Berlin, Summer 2011. Adolf Hitler wakes up on a patch of open ground, alive and well. Things have changed - no Eva Braun, no Nazi party, no war. Hitler barely recognises his beloved Fatherland, filled with immigrants and run by a woman. People certainly recognise him, albeit as a flawless impersonator who refuses to break character. The unthinkable, the inevitable happens, and the ranting Hitler goes viral, becomes a YouTube star, gets his own T.V. show, and people begin to listen.

    Wendy says: "A very guilty and entirely disconcerting pleasure"
    "Hitler. Part II"
    Overall
    Performance
    Story

    The point of great satire is to poke a stick at the great and the good, the bad and the ugly, and you don't get much uglier than Hitler. And the author brilliantly uses Hitler as both poker and pokee. Through his eyes he dissects our modern society, with its technological marvels and freedoms, and shows us to be less than what we should be (to put it mildly ....), while contrasting us against Hitler's pure self-assuredness with his monstrous ego and vision of how the world should be. Nobody - not the characters or the readers - come out of this looking good, and that is the sign of great satire. Beautifully translated, narrated and produced, I'd recommend this to everyone.

    0 of 0 people found this review helpful
  • The Dirty Streets of Heaven: A Bobby Dollar Novel, Book 1

    • UNABRIDGED (14 hrs and 20 mins)
    • By Tad Williams
    • Narrated By Joe May
    • Whispersync for Voice-ready
    Overall
    (101)
    Performance
    (62)
    Story
    (61)

    Bobby Dollar isn't your average angel! Sure, he takes the occasional trip to Heaven, but his job as an advocate - arguing the fate of the recently deceased - keeps him pretty busy on Earth, and he's more than happy to spend the rest of his time propping up the bar with his fellow immortals. Until the day a soul goes missing, presumed stolen by "the other side". A new chapter in the war between heaven and hell is about to open. And Bobby is right in the middle of it, with only a desirable but deadly demon to aid him.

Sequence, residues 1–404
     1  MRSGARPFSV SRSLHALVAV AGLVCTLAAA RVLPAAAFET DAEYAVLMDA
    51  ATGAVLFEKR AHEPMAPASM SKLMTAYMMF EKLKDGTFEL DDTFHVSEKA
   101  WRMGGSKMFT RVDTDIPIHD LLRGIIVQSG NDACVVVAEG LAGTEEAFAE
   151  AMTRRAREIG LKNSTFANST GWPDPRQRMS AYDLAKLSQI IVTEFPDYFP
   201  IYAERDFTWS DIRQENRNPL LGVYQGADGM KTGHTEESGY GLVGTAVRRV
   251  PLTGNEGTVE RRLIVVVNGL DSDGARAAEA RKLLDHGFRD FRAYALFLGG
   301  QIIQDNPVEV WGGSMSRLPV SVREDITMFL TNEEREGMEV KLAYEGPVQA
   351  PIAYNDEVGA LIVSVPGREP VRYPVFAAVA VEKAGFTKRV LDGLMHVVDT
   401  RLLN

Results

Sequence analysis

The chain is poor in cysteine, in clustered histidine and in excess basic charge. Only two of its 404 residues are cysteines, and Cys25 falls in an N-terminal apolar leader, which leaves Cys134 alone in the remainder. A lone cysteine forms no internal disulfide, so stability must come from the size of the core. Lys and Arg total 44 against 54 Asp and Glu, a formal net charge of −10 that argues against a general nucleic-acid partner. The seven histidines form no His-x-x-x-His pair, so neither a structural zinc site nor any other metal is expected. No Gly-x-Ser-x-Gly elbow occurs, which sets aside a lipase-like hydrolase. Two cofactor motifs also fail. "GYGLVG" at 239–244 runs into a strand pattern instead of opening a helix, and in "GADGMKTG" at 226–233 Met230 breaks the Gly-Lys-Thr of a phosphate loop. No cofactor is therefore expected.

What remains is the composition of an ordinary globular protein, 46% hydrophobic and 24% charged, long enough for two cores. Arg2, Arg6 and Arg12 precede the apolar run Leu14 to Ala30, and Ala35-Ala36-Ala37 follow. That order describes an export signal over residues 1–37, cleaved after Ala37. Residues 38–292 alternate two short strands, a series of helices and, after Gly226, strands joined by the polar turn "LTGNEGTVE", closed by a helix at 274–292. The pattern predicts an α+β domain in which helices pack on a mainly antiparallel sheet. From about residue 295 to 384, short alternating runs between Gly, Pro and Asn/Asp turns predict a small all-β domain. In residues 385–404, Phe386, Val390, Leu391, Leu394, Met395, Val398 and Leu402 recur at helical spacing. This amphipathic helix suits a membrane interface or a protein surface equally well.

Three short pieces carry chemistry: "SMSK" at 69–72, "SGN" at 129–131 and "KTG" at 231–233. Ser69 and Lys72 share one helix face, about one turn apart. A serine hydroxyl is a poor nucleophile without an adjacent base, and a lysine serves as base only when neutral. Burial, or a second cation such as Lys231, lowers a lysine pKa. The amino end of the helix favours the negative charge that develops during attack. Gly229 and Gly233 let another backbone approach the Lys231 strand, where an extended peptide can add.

Jm Buckley says: "Excellent!"
    "$Bobby"
    Overall
    Performance
    Story

    Tad Williams set himself quite a task writing a detective noir novel set in heaven, but I think he pulls it off quite nicely. The narration is spot on, getting just the right level of humour in the darkness, and the writing is rich with one-liners and smart descriptions. Overall, pretty damn fine - on to the next one ...

    0 of 0 people found this review helpful
  • A Fighting Chance

    • UNABRIDGED (11 hrs and 17 mins)
    • By Elizabeth Warren
    • Narrated By Elizabeth Warren
    Overall
    (5)
    Performance
    (5)
    Story
    (5)

    As a child in small-town Oklahoma, Elizabeth Warren yearned to go to college and then become an elementary school teacher - an ambitious goal, given her family's modest means. Early marriage and motherhood seemed to put even that dream out of reach, but 15 years later she was a distinguished law professor with a deep understanding of why people go bankrupt. Then came the phone call that changed her life: could she come to Washington, DC, to help advise Congress on rewriting the bankruptcy laws?

    M says: "Excellent!"
    "Excellent!"
    Overall
    Performance
    Story

    This was my first political autobiography, and, sheesh, it's a doozy! She's a remarkable woman, and I hope that America realises it. Superb!

    0 of 0 people found this review helpful